New Zealand Young Physicists’ Tournament
Fostering scientific research and improved international communication in Physics

What is a Physics Fight?

Prior to the tournament team members will have prepared the solutions to a series of complex Physics problems. For the IYPT New Zealand tournament there is a choice of seven problems. Ideally solutions to all seven problems would be prepared by the team, although it is possible to pass on two problems. For the International tournament there are seventeen problems to prepare.

In a Physics Fight, there are three teams present, each of which will assume one of three roles: the Reporter who presents their solution to a problem, the Opponent who challenges the Reporter to demonstrate their solution and the Reviewer who summarizes and evaluates the arguments from the other two sides. The fight proceeds as a round robin, with each team assuming all of the roles. On Day 1 of the IYPT New Zealand tournament only the roles of Reporter and Opponent will be carried out. There will be no Reviewer. The Final of IYPT New Zealand on Day 2 will include all three roles.

During the fight, the jury sits at the back of the room. The size of the jury ranges from five to seven.

The reporting team has one minute to decide if it wants to accept the challenge. A team can reject a challenge, but after the first two rejections, points will be deducted from the final score.

The reporting team has five minutes to prepare their response to the problem. The team members can communicate only with each other during the entire fight.

A single member makes an oral presentation of the solution to the problem, incorporating the theoretical background to the problem and experimental evidence for the solution. Twelve minutes are allowed for making the presentation, using Powerpoint and a projector. View Reporter video:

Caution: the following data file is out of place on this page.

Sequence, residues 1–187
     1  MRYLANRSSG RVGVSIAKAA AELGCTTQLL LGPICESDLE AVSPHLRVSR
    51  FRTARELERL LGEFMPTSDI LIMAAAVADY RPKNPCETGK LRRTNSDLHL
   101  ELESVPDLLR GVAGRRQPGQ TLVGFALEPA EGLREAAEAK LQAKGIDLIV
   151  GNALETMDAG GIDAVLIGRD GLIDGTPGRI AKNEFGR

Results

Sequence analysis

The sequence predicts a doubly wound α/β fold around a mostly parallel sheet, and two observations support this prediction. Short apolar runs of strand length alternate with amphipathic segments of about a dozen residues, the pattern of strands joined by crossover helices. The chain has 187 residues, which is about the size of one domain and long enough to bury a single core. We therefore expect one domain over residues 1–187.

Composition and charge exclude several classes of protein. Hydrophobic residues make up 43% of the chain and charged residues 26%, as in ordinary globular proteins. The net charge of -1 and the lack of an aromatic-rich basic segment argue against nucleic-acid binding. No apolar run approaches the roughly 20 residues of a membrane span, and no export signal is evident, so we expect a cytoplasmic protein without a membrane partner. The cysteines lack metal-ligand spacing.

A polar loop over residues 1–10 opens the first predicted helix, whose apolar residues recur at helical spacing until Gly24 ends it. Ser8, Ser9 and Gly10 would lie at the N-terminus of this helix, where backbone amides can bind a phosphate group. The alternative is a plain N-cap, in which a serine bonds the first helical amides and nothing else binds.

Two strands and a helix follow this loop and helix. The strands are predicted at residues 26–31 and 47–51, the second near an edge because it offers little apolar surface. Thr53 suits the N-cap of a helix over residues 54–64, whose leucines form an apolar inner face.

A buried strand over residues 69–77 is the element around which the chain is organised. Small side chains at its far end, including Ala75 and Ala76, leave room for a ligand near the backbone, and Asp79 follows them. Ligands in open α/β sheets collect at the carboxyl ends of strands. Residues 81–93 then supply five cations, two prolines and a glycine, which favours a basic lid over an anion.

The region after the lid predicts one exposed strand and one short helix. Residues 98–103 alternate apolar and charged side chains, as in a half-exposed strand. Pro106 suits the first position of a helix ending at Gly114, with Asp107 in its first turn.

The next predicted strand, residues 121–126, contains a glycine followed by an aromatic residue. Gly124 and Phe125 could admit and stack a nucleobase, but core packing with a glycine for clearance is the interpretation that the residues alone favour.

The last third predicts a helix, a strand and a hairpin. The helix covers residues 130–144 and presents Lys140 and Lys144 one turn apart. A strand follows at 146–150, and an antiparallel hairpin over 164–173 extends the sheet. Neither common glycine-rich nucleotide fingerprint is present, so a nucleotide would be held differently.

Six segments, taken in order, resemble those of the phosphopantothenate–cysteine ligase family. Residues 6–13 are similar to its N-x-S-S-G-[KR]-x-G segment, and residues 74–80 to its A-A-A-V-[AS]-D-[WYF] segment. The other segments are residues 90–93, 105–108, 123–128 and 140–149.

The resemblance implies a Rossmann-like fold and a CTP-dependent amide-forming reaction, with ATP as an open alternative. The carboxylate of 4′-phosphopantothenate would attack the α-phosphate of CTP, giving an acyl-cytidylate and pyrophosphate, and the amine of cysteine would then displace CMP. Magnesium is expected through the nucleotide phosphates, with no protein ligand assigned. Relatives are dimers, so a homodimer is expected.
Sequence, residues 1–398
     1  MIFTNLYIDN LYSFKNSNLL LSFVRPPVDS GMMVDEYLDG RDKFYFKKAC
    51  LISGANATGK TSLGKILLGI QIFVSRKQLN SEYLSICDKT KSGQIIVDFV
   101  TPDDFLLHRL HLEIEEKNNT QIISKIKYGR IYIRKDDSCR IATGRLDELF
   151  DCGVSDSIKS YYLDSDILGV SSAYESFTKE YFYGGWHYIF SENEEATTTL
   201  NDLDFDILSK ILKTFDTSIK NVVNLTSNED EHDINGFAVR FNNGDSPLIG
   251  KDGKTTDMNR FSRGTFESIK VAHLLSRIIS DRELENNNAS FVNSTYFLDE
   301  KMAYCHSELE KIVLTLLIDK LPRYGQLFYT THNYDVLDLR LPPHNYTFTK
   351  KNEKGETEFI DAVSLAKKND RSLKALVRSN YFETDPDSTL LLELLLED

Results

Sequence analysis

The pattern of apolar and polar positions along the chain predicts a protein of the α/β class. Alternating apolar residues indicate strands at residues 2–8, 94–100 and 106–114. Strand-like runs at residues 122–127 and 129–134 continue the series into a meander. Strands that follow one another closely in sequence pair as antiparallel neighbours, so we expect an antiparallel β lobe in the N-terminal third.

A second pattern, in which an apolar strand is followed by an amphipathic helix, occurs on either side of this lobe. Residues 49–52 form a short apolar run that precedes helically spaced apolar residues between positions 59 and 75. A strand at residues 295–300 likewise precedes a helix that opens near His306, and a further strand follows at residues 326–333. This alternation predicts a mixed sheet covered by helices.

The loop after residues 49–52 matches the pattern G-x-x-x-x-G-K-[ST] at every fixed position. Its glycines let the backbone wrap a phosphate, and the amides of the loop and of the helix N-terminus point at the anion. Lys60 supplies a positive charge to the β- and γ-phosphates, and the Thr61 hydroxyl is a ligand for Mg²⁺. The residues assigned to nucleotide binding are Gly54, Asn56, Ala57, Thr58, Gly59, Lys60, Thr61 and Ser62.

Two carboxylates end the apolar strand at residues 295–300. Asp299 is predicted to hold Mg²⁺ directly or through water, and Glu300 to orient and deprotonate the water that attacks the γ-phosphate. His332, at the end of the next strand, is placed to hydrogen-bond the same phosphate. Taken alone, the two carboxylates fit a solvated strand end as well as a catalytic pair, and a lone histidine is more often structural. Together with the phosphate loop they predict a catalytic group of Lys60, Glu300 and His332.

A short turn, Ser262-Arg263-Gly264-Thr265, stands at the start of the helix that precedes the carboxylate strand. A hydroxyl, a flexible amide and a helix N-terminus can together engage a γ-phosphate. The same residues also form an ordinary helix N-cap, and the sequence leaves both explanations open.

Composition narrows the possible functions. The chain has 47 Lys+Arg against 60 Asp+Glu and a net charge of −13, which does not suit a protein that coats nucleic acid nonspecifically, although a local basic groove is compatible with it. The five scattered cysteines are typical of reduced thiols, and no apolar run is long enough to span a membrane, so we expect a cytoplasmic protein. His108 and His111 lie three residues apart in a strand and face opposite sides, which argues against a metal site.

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(The problem presented states: “A paper sheet is on a table. If one blows along the table the sheet begins to glide over it. Determine the flight characteristics of the paper.”)

After the presentation, a member of the opposing team has two minutes to briefly ask questions of the reporter, and after three minutes of preparation, engages the reporter in a debate about the presented solution. The opponent can take up to five minutes to present the case against the reporter, and the remaining time to a total of fifteen minutes is in the form of a debate, with the opponent discussing the validity of the reporter’s presentation.

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At the conclusion of the debate, a member of the reviewer team can question both the reporter and the opponent. Two more minutes are allowed to prepare, and the reviewer then comments on the qualities of the report and the opposition.

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At the end of the review, the jury has two minutes to question all three teams. Each member of the jury individually scores the work of the reporter, opponent and reviewer with a score out of 10.

The fight continues with the roles of reporter, opponent and reviewer switched until each team performs all three roles. The reporter’s average score is multiplied by a coefficient of 3.0, the opponent’s by a coefficient of 2.0, and the reviewer’s by a coefficient of 1.0. After a fight each team ends with an aggregate score out of 60.